Friday, June 25, 2010

Boot sequence of PC (Personal Computer)

The system BIOS is what starts the computer running when you turn it on. The
following are the steps that a typical boot sequence involves. Of course this will
vary by the manufacturer of your hardware, BIOS, etc., and especially by what
peripherals you have in the PC. Here is what generally happens when you turn on
your system power:

1. The internal power supply turns on and initializes. The power supply takes
some time until it can generate reliable power for the rest of the computer,
and having it turn on prematurely could potentially lead to damage.
Therefore, the chipset will generate a reset signal to the processor (the same
as if you held the reset button down for a while on your case) until it receives
the Power Good signal from the power supply.

2. When the reset button is released, the processor will be ready to start
executing. When the processor first starts up, it is suffering from amnesia;
there is nothing at all in the memory to execute. Of course processor makers
know this will happen, so they pre-program the processor to always look at
the same place in the system BIOS ROM for the start of the BIOS boot
program. This is normally location FFFF0h, right at the end of the system
memory. They put it there so that the size of the ROM can be changed
without creating compatibility problems. Since there are only 16 bytes left
from there to the end of conventional memory, this location just contains
a "jump" instruction telling the processor where to go to find the real BIOS
startup program.

3. The BIOS performs the power-on self test (POST). If there are any fatal
errors, the boot process stops. POST beep codes can be found in this area of
the Troubleshooting Expert.

4. The BIOS looks for the video card. In particular, it looks for the video card's
built in BIOS program and runs it. This BIOS is normally found at location
C000h in memory. The system BIOS executes the video card BIOS, which
initializes the video card. Most modern cards will display information on the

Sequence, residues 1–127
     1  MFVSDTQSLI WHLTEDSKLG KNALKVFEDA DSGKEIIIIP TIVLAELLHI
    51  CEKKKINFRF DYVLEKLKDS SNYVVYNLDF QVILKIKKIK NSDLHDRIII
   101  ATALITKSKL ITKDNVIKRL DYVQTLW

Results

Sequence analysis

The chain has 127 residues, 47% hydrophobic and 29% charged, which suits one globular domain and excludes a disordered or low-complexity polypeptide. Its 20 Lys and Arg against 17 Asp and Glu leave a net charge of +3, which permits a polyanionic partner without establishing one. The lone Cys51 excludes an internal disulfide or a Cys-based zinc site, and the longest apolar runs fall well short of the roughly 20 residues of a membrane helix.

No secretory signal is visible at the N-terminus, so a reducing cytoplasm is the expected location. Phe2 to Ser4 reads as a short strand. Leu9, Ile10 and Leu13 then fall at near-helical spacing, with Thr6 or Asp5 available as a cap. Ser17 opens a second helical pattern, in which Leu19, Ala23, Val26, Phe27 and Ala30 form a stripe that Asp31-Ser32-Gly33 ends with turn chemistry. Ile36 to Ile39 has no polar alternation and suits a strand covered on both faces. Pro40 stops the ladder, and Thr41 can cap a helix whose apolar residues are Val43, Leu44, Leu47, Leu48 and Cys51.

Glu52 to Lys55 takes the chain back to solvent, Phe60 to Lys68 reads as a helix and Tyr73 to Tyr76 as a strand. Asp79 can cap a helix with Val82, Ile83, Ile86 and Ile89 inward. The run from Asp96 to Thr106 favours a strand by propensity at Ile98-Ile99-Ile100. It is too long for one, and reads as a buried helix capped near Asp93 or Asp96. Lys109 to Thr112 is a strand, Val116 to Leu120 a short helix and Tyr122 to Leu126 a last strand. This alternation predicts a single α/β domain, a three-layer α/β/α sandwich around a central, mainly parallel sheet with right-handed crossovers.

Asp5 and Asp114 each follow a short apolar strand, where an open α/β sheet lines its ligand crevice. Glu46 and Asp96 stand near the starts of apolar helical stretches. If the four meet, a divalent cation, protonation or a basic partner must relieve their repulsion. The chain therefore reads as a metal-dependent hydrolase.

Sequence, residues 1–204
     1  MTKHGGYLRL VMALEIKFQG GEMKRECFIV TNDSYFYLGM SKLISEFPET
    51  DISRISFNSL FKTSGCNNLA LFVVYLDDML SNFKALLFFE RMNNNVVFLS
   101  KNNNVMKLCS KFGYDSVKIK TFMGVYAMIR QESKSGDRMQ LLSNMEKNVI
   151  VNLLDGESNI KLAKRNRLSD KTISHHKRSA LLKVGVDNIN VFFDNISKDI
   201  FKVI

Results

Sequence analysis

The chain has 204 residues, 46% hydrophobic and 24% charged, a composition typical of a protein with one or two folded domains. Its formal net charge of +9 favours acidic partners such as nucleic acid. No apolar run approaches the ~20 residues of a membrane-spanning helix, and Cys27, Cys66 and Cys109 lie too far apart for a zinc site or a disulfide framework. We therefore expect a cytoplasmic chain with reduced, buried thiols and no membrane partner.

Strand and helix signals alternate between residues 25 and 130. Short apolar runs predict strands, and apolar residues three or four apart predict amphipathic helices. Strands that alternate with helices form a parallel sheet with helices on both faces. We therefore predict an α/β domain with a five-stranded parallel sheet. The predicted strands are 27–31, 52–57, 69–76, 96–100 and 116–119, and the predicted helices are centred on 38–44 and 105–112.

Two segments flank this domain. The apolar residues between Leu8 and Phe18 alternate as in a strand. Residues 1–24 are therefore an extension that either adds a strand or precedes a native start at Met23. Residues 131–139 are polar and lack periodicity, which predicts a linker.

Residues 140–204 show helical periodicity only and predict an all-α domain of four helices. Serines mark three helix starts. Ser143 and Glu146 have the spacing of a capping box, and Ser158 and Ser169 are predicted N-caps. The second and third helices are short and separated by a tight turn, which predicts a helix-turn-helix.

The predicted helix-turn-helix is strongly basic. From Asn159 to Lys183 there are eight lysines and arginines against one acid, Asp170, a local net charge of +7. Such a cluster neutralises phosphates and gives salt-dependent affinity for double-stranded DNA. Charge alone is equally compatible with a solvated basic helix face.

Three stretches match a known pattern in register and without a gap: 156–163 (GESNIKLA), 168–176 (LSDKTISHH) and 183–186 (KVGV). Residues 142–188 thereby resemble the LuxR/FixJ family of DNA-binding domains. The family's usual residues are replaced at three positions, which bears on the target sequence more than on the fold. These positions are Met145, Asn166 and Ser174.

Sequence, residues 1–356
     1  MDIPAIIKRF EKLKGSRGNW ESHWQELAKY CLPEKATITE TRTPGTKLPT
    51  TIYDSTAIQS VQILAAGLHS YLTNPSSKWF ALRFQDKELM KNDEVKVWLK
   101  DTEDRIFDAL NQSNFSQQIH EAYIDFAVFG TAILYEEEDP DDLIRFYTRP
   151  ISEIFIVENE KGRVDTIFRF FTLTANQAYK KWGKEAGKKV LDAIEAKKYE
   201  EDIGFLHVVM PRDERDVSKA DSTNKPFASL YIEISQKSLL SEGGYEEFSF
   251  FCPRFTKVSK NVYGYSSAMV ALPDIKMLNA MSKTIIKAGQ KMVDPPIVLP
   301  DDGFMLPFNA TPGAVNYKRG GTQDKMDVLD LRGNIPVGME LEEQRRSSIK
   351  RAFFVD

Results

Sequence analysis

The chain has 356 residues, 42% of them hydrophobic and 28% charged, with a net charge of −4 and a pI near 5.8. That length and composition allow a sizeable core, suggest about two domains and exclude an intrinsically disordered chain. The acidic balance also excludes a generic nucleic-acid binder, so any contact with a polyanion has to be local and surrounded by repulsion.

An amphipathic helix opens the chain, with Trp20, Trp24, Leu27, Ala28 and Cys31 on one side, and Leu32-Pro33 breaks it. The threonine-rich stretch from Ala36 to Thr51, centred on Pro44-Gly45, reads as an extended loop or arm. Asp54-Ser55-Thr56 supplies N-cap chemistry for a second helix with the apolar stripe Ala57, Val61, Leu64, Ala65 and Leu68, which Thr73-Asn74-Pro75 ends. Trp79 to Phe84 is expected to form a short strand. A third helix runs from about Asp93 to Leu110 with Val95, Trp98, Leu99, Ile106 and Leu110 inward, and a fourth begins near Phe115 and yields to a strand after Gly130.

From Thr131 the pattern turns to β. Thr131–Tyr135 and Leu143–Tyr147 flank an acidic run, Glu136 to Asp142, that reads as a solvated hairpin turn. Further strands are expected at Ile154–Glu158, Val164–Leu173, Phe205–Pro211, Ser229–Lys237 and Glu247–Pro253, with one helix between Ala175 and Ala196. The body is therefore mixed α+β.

screen about the video card. (This is why on a modern PC you usually see
something on the screen about the video card before you see the messages
from the system BIOS itself).

5. The BIOS then looks for other devices' ROMs to see if any of them have
BIOSes. Normally, the IDE/ATA hard disk BIOS will be found at C8000h
and executed. If any other devices BIOSes are found, they are executed as

6. The BIOS displays its startup screen.

7. The BIOS does more tests on the system, including the memory count-up test
which you see on the screen. The BIOS will generally display a text error
message on the screen if it encounters an error at this point; these error
messages and their explanations can be found in this part of the
Troubleshooting Expert.

8. The BIOS performs a "system inventory" of sorts, doing more tests to
determine what sort of hardware is in the system. Modern BIOSes have
many automatic settings and will determine memory timing (for example)
based on what kind of memory it finds. Many BIOSes can also dynamically
set hard drive parameters and access modes, and will determine these at
roughly this time. Some will display a message on the screen for each drive
they detect and configure this way. The BIOS will also now search for and
label logical devices (COM and LPT ports).

9. If the BIOS support the Plug and Play standard, it will detect and configure
Plug and Play devices at this time and display a message on the screen for
each one it finds. See here for more details on how PnP detects devices and
assigns resources.

10. The BIOS will display a summary screen about your system's configuration.
Checking this page of data can be helpful in diagnosing setup problems,
although it can be hard to see because sometimes it flashes on the screen very
quickly before scrolling off the top.

11. The BIOS begins the search for a drive to boot from. Most modern BIOSes
contain a setting that controls if the system should first try to boot from the
floppy disk (A:) or first try the hard disk (C:). Some BIOSes will even let you
boot from your CD-ROM drive or other devices, depending on the boot
sequence BIOS setting.

12. Having identified its target boot drive, the BIOS looks for boot information
to start the operating system boot process. If it is searching a hard disk, it
looks for a master boot record at cylinder 0, head 0, sector 1 (the first sector
on the disk); if it is searching a floppy disk, it looks at the same address on
the floppy disk for a volume boot sector.

13. If it finds what it is looking for, the BIOS starts the process of booting the
operating system, using the information in the boot sector. At this point, the
code in the boot sector takes over from the BIOS. The DOS boot process is
described in detail here. If the first device that the system tries (floppy, hard
disk, etc.) is not found, the BIOS will then try the next device in the boot
sequence, and continue until it finds a bootable device.

14. If no boot device at all can be found, the system will normally display an
error message and then freeze up the system. What the error message is
depends entirely on the BIOS, and can be anything from the rather clear "No
boot device available" to the very cryptic "NO ROM BASIC - SYSTEM
HALTED". This will also happen if you have a bootable hard disk partition
but forget to set it active.

This process is called a "cold boot" (since the machine was off, or cold, when it
started). A "warm boot" is the same thing except it occurs when the machine is
rebooted using {Ctrl}+{Alt}+{Delete} or similar. In this case the POST is skipped
and the boot process continues roughly at step 8 above.

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